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State Deeding 700 Pieces of Waterfront Land

January 15, 2007

By Peggy Walsh-Sarnecki, Detroit Free Press

Jan. 14–Longstanding questions about whether the state could one day kick them out have been settled for hundreds of cottage owners in two popular Michigan waterfront playgrounds.

Still, some who own cottages on Higgins Lake in northern Michigan and in the St. Clair Flats headwaters of Lake St. Clair think it’s a mixed blessing.

Under two bills unanimously passed in the Legislature — one last month, one last summer — the state is deeding more than 700 pieces of land it owns to veterans and their heirs who own property in the American Legion’s Camp Curnalia on Higgins Lake and to leaseholders of mostly small islands in Lake St. Clair’s flats.

The deal gets the state Department of Natural Resources out of the land-leasing business in the two areas and should lead to better environmental protection for the lakes.

At the Higgins Lake camp, the deal would likely enable a sewer project to take the 412 cottages off potentially leaky septic tanks.

In the St. Clair Flats, the change ensures that tough environmental rules prevent any more development on the sensitive wetlands area. The flats are the world’s largest freshwater delta.

Since the leases began in 1913, many leaseholders filled in submerged islands, so they could build seawalls and cottages and add septic systems. Many properties haven’t been developed and will revert to the state beginning in 2013.

“It will be very difficult to obtain permits to dredge and fill those undeveloped lots,” said Tom Graf, a specialist with the Department of Environmental Quality.

The state is selling 321 parcels to St. Clair Flats leaseholders.

About two dozen are on Harsens Island and accessible by car; the rest can be reached only by boat or seaplane.

The price to the state will be based on current values of the land alone, not including improvements including fill dirt and seawalls. Local assessors estimate small lots could go for as little as $5,000 and larger ones for up to $200,000.The 99-year leases on the land begin expiring in 2013.

Ron Kahl, whose primary home is on the mainland across the North Channel from the property, spends summer weekends on the flats island that has been in his family since 1913. He’s worried he’ll be charged too much.

“You can’t use the current values. What are you going to pay for a piece of water?” Kahl said, noting that his land was submerged when it was first leased.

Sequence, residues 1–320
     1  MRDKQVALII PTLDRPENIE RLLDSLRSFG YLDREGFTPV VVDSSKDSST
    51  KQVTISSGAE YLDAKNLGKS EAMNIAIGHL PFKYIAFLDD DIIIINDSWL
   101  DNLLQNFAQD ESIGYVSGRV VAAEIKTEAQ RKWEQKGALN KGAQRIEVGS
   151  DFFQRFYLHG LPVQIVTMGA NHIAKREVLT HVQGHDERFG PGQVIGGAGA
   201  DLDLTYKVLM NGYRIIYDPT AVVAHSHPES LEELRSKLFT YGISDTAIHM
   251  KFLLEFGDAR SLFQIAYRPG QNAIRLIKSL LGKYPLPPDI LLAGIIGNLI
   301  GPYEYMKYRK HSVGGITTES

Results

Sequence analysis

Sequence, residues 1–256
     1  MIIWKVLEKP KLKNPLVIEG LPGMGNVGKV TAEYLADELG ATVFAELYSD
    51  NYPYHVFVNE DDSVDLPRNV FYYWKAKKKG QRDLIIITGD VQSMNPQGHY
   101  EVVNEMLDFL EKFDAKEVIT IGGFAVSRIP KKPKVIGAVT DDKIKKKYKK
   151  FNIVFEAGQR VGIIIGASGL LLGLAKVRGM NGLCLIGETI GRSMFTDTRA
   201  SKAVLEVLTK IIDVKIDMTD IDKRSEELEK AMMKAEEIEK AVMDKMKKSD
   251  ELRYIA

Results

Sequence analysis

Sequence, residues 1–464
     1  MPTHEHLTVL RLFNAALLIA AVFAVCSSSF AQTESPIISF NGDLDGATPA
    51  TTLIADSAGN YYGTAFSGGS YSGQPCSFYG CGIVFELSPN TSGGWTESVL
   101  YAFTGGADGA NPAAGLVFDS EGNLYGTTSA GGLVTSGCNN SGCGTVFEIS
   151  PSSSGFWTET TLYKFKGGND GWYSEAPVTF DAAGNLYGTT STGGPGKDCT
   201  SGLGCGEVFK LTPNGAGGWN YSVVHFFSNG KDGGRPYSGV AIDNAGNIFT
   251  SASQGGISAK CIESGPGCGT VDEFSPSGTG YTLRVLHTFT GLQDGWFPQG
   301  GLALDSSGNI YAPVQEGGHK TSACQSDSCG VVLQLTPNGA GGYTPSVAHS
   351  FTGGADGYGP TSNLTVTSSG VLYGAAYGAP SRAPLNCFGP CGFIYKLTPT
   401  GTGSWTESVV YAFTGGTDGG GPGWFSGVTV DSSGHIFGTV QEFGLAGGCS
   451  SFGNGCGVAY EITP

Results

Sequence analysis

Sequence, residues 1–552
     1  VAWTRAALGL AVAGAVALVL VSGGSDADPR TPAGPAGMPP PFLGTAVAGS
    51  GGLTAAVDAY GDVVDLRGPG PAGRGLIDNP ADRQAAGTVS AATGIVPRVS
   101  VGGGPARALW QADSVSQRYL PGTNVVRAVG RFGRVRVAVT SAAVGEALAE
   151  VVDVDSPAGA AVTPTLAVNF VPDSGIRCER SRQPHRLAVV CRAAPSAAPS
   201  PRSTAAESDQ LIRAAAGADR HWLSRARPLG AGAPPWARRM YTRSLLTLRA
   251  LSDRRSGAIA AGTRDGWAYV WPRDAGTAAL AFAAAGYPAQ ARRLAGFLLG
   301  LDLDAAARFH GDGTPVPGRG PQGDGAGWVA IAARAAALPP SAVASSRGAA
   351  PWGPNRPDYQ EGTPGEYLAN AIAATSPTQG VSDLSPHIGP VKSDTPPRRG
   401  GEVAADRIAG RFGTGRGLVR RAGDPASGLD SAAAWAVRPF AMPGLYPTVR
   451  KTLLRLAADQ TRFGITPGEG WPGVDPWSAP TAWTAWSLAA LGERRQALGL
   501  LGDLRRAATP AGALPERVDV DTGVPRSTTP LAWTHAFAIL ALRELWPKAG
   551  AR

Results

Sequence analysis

Still, Kahl is glad he’ll have the chance to buy the land.

“It gets rid of the uncertainty,” he said. “Plus you can borrow on the property to improve it.”

In the past, cottages on the flats sold for $100,000 to $200,000. Two real estate listings on leased St. Clair Flats parcels include a one-acre island with a four-bedroom cottage for $275,900 and another parcel on Harsens Island for $149,000.

If cottage owners won’t pay for the deed, the land will revert to the state at the end of the lease.

Jay Deboyer of Algonac, who co-owns a flats cottage, doesn’t like the idea that people who can’t afford to buy the land could lose the investment they’ve made in improvements.

“They’re the ones who created the value,” he said.

At Camp Curnalia, most of the 412 cottage owners are American Legion members or first generation descendants. Many of the Legion posts represented are from the Midland area, even though veterans from anywhere in Michigan eligible to join the American Legion can buy properties.

The cottages have sold most often between $50,000 and $125,000 depending on how close they were to the lake, local real estate agents said.

The Legion property includes nearly 76 acres, including 3,000 feet of lake frontage. The state is selling the land for just $154.50. The 412 cottage owners will pay the American Legion a one-time fee of $50.

The sale price was based on what the American Legion paid to rent the land, said Veronica LaDuke, communications director for state Sen. Michelle McManus, R-Lake Leelanau, who introduced the legislation to sell the camp land.

“The land was already set aside for veterans to use,” LaDuke said. “This was a way to preserve that and take it out of the DNR’s purview.”

Non-veterans looking for an opportunity can forget it, said Paul Tatro, supervisor of Roscommon County’s Lyon Township. Camp Curnalia will continue to be sold only to veterans eligible for American Legion membership, he said.

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Copyright (c) 2007, Detroit Free Press

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